by Martin Murie
(Swans - June 1, 2009) A brief flurry of Swans talking to each other -- Peter Byrne in Italy, Art Shay in Chicago, and Gilles d'Aymery (our co-editor) in California. The argument concerned patriotism and the right of citizens to rise to the occasion in defense of the United States; the futility of trying to save the earth because the earth will do just fine when we are all gone to dust; the necessity of point-of-view journalism. We are a prickly bunch of individuals, we Swans, and I think we recognize that and put up with our differences. This is an example of unity in diversity, because we do have a goal: a struggle to make writing real, relevant, fresh. Of course, the waters are very choppy in these times, but we persist.
A very recent letter to President Obama by national president of Veterans for Peace Mike Ferner arrived, and then a Grandmothers For Peace e-mail asking that letters along Mike's theme be sent to them to make a big package to present to the president. I got busy on my letter.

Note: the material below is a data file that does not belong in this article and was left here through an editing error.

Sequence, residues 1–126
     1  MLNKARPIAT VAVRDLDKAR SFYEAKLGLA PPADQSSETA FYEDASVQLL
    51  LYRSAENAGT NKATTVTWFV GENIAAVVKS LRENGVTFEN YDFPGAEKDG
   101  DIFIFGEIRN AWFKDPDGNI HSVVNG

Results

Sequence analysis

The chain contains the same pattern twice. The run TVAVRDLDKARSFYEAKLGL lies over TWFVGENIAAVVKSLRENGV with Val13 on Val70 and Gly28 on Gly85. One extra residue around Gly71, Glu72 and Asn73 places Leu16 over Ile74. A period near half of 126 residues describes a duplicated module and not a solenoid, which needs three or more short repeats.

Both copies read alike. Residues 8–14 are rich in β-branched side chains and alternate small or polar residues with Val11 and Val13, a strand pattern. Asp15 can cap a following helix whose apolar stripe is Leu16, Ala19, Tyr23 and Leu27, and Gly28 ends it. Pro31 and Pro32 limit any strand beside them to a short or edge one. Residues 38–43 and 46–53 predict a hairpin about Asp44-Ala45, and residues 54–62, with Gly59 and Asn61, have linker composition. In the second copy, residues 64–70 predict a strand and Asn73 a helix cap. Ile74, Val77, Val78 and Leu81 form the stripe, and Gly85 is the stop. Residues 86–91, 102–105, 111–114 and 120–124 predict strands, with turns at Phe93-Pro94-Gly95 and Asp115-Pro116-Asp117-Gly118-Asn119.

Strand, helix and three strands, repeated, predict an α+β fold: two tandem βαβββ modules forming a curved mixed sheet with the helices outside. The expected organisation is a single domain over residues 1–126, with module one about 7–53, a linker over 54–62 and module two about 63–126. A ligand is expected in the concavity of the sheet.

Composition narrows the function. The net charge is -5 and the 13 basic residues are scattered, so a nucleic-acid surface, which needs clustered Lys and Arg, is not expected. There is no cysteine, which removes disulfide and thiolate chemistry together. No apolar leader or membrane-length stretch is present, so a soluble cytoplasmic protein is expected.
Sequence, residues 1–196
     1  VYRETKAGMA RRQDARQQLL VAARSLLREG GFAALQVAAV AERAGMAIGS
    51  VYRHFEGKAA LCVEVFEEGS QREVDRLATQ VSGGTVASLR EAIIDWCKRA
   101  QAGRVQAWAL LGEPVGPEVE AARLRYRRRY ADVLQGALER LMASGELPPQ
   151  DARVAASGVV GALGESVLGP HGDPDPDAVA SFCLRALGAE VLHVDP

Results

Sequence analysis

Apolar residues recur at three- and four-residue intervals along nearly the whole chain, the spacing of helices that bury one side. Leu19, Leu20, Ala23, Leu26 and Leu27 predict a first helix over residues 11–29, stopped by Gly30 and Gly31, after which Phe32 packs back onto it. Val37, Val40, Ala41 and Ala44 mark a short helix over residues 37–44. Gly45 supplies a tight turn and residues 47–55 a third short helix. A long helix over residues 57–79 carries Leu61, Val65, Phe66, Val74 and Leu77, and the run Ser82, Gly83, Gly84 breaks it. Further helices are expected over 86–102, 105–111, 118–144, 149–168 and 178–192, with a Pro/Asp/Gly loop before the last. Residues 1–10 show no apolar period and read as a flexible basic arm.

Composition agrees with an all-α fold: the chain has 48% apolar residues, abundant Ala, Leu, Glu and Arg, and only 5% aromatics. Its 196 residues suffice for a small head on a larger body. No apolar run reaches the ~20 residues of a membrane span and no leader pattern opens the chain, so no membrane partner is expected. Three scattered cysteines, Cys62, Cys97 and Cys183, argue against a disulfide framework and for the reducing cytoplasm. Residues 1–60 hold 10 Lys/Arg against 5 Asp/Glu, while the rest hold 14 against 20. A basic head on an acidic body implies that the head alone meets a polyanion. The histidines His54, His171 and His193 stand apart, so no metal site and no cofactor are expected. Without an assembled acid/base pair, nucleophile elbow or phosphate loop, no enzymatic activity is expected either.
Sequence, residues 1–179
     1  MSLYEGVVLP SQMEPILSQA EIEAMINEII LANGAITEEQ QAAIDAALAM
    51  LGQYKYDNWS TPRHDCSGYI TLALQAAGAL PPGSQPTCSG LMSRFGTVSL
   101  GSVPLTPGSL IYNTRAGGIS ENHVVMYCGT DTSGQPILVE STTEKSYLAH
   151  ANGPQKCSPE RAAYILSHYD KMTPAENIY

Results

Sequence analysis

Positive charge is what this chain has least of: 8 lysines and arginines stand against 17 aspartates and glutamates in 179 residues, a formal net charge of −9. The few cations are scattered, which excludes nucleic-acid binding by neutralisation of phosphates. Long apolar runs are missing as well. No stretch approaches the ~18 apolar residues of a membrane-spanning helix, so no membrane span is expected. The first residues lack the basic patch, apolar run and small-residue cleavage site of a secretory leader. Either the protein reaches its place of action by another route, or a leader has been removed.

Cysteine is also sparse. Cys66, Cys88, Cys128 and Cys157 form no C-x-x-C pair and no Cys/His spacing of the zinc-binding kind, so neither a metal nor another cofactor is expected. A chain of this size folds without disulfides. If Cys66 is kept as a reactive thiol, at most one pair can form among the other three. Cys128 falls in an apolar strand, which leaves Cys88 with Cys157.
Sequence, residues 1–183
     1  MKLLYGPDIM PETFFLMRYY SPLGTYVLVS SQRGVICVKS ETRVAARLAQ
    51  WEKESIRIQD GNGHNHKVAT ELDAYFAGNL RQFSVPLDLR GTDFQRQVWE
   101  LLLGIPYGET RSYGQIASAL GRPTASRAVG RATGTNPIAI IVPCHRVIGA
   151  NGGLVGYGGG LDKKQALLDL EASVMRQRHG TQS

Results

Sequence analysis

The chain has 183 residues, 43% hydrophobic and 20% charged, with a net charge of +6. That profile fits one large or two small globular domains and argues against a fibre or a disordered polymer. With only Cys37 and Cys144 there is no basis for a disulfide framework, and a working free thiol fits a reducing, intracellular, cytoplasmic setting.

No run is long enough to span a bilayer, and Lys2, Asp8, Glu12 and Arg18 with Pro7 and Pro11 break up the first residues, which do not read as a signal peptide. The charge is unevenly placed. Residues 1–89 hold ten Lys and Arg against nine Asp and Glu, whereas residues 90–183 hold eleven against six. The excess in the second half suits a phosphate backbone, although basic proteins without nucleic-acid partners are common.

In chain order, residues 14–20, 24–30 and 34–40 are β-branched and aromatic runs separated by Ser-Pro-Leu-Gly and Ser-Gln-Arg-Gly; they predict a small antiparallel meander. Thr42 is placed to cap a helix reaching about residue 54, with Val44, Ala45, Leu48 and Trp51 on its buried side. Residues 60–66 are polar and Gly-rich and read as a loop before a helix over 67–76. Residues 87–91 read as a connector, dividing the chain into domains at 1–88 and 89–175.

Okay, I'll get down to the question: have wars as heart-and-soul of empire come to an end, or are we destined to live in the shadow of competing empires forever and ever till we humans go over the high cliff? Has the time come to stand up and shout, "Enough"? I think the time has arrived. Here are my arguments.
World War II was a latecomer in the arena of wars in the service of empires, that time begun by the Nazis and the Emperor-bound Japanese. I remember lying in a US Army hospital in Italy, near the end of the war, listening to Armed Forces Radio. The favorite song, requested time and again, was Rum and Coca Cola (the refrain, "Workin' for the Yankee Dollaaar"). Also, the fairly objective news reports of those times included worries by United States attendees at the founding of the United Nations concerning the Soviets. "What are they fussing about," I thought. "The Soviets in their stubborn defense of Leningrad and their launching gigantic tank battles ensured our success in the west and the south ('Soft underbelly of Europe' as Churchill bragged). The Soviets are our allies, aren't they?" And so began the Cold War.